Black Sea

Black Sea

by David Yezzi

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Overview

David Yezzi’s fourth book of poems considers what it’s like, during times of roiling change, to feel like a stranger on one’s own street and in one’s own country. This uprooting is partly geographic, partly psychic: what was familiar has become as foreign as the fabled Black Sea (the site of the Roman poet Ovid’s exile). The emotional pressure of this dislocation pushes his poems into lyric fragments and mordant humor. Home, once a comfort, now hides a threat.

Product Details

ISBN-13: 9780887486357
Publisher: Carnegie-Mellon University Press
Publication date: 02/13/2018
Series: Carnegie Mellon Poetry Series
Pages: 76
Sales rank: 769,827
Product dimensions: 5.30(w) x 8.30(h) x 0.30(d)

About the Author

DAVID YEZZI previously published a book of poems, Birds of the Air, with Carnegie Mellon. A former director of the Unterberg Poetry Center of the 92nd Street Y in New York, he is chair of the Writing Seminars at Johns Hopkins and editor of The Hopkins Review.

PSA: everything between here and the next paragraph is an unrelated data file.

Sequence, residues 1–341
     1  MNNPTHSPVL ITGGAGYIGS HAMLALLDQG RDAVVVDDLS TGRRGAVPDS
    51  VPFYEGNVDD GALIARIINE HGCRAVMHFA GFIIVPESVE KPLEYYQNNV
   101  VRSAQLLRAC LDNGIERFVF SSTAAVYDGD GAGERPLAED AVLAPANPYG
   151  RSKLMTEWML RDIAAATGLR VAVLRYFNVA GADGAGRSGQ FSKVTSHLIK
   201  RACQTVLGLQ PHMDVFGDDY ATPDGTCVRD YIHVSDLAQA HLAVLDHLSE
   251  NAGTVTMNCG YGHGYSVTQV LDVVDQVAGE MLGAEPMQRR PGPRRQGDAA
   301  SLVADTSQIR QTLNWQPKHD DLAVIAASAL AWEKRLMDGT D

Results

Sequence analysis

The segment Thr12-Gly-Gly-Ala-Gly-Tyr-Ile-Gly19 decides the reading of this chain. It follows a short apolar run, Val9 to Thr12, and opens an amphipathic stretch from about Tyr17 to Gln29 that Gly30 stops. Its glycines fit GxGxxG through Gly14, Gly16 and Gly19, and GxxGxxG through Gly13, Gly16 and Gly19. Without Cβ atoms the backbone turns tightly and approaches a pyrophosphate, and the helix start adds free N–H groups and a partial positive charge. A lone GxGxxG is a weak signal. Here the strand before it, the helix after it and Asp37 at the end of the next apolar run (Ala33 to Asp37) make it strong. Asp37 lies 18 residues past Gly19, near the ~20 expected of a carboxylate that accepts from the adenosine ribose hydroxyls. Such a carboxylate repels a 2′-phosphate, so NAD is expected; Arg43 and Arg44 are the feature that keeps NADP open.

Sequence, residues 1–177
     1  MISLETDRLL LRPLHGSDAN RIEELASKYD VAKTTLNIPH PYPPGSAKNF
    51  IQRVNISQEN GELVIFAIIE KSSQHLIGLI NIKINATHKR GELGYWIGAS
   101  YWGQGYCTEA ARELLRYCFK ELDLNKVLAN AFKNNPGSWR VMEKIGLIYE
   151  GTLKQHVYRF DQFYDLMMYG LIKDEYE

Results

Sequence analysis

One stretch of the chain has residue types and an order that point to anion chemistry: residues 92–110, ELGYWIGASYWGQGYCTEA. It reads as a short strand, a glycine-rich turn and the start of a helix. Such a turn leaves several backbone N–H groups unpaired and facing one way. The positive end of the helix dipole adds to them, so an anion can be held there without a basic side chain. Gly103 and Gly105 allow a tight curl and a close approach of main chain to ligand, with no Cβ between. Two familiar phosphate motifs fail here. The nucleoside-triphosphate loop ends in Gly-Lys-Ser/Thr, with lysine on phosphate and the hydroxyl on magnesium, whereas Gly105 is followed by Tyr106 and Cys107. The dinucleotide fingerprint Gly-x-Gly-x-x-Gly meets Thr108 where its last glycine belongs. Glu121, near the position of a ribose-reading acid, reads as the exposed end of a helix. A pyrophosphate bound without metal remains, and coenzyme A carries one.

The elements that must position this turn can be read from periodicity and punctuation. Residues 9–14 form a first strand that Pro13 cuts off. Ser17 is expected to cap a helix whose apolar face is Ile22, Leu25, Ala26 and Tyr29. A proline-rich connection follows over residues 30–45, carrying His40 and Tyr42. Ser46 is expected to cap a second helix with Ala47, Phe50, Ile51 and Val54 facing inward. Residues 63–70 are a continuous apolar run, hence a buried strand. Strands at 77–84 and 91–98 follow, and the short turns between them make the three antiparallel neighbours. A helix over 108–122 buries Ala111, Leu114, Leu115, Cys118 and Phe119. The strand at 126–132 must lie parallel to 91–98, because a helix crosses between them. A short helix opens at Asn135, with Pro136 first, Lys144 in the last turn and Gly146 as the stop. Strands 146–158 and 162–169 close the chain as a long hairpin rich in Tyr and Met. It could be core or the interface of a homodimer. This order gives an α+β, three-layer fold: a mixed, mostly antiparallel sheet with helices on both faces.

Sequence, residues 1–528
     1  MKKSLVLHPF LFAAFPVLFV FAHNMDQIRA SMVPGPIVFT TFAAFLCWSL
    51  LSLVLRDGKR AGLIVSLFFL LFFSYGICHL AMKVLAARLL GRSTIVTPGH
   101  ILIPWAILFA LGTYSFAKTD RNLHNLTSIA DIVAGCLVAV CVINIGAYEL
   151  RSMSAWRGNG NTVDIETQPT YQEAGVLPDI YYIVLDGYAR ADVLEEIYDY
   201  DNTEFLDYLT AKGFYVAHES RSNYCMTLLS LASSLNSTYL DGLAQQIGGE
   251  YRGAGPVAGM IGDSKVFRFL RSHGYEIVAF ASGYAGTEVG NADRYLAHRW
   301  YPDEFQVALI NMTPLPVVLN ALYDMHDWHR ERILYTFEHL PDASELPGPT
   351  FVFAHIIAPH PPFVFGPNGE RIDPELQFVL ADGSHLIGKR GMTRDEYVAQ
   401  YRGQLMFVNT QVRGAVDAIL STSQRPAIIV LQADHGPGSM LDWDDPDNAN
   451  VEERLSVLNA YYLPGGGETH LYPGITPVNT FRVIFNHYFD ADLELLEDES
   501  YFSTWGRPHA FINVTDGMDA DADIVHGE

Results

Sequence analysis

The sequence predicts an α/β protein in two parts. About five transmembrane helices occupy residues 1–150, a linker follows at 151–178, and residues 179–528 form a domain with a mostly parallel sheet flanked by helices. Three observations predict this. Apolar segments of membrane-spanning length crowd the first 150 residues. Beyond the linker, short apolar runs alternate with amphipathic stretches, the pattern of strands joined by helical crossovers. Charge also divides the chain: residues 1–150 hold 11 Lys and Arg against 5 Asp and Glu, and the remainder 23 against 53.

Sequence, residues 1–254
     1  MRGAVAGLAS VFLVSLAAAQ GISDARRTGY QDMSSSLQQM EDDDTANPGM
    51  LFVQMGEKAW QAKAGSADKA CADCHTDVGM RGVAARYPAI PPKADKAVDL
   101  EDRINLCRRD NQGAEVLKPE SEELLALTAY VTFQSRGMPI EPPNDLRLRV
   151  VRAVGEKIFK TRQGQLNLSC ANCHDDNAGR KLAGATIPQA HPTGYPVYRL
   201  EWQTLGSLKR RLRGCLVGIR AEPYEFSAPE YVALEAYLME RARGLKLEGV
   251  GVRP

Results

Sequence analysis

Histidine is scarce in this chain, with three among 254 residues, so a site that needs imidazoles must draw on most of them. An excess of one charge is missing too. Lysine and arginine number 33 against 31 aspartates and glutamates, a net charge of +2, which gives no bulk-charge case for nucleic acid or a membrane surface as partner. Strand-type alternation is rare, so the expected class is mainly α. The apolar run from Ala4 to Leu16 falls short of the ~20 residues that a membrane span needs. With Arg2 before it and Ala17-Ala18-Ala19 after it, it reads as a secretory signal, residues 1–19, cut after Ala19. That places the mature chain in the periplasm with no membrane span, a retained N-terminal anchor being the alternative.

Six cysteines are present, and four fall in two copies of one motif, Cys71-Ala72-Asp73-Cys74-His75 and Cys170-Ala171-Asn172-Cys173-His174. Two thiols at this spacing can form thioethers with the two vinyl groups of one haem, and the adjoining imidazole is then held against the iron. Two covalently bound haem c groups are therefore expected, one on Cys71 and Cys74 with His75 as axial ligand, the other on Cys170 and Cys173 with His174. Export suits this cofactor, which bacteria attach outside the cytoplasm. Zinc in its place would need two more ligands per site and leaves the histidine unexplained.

Table of Contents

1 Night Blind 13

Living Room 14

Café Future 15

The Chain 16

New Town 18

Weeds 19

Dying the Day Prince Died 21

The Consolations 22

Meditation 24

Tragedy 25

Plague 26

Stalker 27

2 Black Sea

I Tomis 31

II White Jasmine 33

III False Holly 34

IV Patapsco 35

V The Long Coat 36

VI Truepenny 37

VII The Drain 38

VIII Capgras 39

IX Low Ceiling 41

X Aubade 42

3 On the Death of a Houseplant 45

Hooked 46

Crush 47

The Double Deuce 48

Mouse Drawer 50

Thud 51

Tumor Tree 52

Old Friends 53

Sourdough 54

The Hug 55

4 Raking 59

The Able Man 60

Paper Whites 61

Let 62

Low Pressure 64

Up High, No Higher 65

Keats in Louisville 67

Pan Am 68

Last Job 69

The Faculty Abroad 70

Humblebrag 71

The Rock Balancer 72

What People are Saying About This

Rosanna Warren

“David Yezzi has a good ear for crass vernacular, and a good eye for danger lurking in the commonplace. At its best, his snappy metrical verse castigates pretension. But he’s also an artist of tart melancholia and tenderness. His ‘Keats in Louisville’ achieves real dignity in its understatement.”

Christian Wiman

“I have loved David Yezzi’s work for years, both the dramatic subtlety of his narrative poems and the cold fire of his lyrics. Black Sea builds on, and refines, both impulses. Everywhere it evinces the kind of energy that can happen when an ancient art is enlivened by a thoroughly modern mind.”

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